Cory Spangenberg managed to accumulate close to 500 plate appearances in 2017 and was able to bounce back from an injury-plagued 2016 that limited him to just 14 games at the big league level. The infielder hit to a triple-slash of .264/.322/.401 while contributing 13 home runs and 11 stolen bases. The strikeout rate of 26.3% was a bit high, and Spangenberg graded out negatively at each defensive position he played during the year (-0.3 UZR at second, -5.4 at third, and -1.0 in left field). Still, he proved that he can be a somewhat decent utility option if nothing else.
Yangervis Solarte toiled around in the minor leagues for almost nine years before receiving the call to The Show with the Yankees in 2014. Solarte made the most of the opportunity, starting out hot before eventually getting moved to the Padres after 75 games. Solarte has since carved out a solid role with San Diego, holding his own at the plate while also exhibiting his versatility in the field. In 2017, Solarte slashed .255/.314/.416 while hitting 18 home runs. His low strikeout rate (11.9%) was extremely appealing, and he logged at least 40 innings at each infield position:
First base: 41.1 innings, -0.3 UZR
Second base: 628.2 innings, -0.4 UZR
Shortstop: 199.0 innings, 1.3 UZR
Third base: 156.2 innings, -0.8 UZR
San Diego showcased a young outfield in 2017 and all three were impressive in one way or another. Jose Pierla seemingly came out of nowhere to post the best offensive numbers of his brief major league career, slashing .288/.347/.490 and hitting out a surprising 10 home runs in 344 plate appearances. Manuel Margot exhibited why he was such a highly touted prospect with the Red Sox, hitting to a .263/.313/.409 line and finishing with 13 home runs and 17 stolen bases. Part of this was due to an abnormally high HR/FB rate (9.4%), which was the highest mark he’d posted at any level of professional ball. The 5.2 UZR that Margot posted in center field didn’t hurt, either. Top prospect Hunter Renfroe’s calling card is power, and in 479 plate appearances the outfielder smacked 26 home runs and 25 doubles. His strikeout rate of 29.2% was unsightly, as was the triple-slash of .231/.284/.467, but the 30-plus home run potential Renfroe showed off was hard to ignore.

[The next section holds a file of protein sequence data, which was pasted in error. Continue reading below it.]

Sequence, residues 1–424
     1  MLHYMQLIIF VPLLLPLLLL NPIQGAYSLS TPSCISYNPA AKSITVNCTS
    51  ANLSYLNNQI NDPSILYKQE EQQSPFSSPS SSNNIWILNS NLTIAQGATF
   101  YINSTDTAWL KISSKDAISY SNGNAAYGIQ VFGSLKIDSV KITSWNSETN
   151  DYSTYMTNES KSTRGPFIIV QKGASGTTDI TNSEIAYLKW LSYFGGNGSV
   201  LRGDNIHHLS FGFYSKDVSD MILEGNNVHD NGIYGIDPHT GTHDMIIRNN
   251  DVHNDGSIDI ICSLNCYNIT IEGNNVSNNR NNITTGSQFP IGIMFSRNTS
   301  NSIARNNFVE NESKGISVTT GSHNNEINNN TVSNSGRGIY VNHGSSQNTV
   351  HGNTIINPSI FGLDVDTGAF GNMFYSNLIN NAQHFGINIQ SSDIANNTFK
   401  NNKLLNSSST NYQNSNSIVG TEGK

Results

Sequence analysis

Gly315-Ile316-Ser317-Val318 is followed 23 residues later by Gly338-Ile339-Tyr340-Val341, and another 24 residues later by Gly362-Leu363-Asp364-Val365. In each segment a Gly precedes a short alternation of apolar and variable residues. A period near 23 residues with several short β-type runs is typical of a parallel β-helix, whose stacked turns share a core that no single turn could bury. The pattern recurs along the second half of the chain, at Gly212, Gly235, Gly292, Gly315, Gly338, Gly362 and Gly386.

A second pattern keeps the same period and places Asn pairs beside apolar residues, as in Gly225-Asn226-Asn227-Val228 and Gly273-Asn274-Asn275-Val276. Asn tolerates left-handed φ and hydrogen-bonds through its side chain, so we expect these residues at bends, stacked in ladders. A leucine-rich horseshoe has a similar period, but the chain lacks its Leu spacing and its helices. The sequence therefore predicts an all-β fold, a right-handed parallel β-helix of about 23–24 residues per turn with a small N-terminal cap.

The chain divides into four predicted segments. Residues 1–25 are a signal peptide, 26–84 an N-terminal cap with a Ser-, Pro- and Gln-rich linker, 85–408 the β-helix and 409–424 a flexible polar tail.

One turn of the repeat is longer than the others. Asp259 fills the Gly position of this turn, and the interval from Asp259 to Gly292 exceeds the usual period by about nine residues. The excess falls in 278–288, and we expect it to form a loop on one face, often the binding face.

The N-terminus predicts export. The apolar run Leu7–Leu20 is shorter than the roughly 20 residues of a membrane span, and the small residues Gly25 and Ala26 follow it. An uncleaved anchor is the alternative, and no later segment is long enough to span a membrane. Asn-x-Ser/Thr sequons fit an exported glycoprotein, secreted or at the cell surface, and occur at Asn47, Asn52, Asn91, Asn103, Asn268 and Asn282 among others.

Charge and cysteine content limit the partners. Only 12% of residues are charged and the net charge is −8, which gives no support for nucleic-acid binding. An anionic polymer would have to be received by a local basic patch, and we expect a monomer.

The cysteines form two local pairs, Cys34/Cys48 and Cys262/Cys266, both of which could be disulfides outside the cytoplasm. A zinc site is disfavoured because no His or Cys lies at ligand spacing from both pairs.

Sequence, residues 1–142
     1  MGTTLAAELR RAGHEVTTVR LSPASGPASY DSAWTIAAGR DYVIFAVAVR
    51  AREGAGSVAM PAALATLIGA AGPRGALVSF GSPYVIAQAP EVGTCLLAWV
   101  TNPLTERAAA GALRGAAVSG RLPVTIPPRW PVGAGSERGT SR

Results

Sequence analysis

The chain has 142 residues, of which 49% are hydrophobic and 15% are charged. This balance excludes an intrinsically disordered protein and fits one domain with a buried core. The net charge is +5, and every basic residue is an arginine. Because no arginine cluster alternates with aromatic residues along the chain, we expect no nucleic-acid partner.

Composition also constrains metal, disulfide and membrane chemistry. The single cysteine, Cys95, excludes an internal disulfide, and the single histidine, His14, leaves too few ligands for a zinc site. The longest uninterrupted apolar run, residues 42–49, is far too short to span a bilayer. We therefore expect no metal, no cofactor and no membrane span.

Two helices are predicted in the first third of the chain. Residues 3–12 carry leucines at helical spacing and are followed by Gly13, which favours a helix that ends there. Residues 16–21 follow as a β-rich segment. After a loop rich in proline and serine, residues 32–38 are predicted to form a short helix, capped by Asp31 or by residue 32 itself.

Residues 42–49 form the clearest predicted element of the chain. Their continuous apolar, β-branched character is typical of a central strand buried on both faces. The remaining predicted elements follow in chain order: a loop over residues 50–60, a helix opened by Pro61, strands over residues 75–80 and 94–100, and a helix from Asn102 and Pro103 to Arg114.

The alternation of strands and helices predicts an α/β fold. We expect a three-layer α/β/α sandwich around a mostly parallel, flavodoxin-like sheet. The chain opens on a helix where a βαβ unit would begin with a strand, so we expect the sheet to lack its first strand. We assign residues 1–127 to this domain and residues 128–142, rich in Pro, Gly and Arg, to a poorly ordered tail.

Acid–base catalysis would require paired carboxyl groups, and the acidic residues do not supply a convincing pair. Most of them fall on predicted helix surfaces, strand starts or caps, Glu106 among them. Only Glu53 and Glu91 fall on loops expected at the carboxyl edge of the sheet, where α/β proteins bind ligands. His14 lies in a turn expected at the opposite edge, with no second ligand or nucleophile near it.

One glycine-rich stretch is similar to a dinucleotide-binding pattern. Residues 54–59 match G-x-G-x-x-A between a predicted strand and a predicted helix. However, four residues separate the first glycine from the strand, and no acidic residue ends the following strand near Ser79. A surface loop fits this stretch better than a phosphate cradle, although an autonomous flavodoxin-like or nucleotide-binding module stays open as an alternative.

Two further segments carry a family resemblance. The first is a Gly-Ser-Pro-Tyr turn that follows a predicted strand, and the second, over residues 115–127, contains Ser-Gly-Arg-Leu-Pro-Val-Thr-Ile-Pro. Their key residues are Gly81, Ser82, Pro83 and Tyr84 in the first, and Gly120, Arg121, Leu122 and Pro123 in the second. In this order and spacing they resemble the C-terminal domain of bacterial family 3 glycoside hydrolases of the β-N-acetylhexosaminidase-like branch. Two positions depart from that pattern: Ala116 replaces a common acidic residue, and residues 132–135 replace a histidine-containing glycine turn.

San Diego finished in the bottom third of the league in cumulative ERA with a mark of 4.67, which was tied for 22nd with Oakland. Six pitchers made at least 10 starts for the Padres in 2017, and Trevor Cahill was at the front of that group. The 29-year-old tossed 61 innings in 11 starts and pitched to a 3.69 ERA (3.40 FIP). In his first time starting games on a regular basis since 2014, the former Athletic and Diamondback impressed, striking out 10.62 batters per nine innings while keeping the ball in the yard (0.89 HR/9). Jhoulys Chacin was also reliable; the right-hander made 32 starts and ate 180 innings for the Padres, finishing with a 3.89 ERA and a passable 4.26 FIP. He stayed true to his career averages, striking out over seven batters per nine innings while issuing the free pass over three times.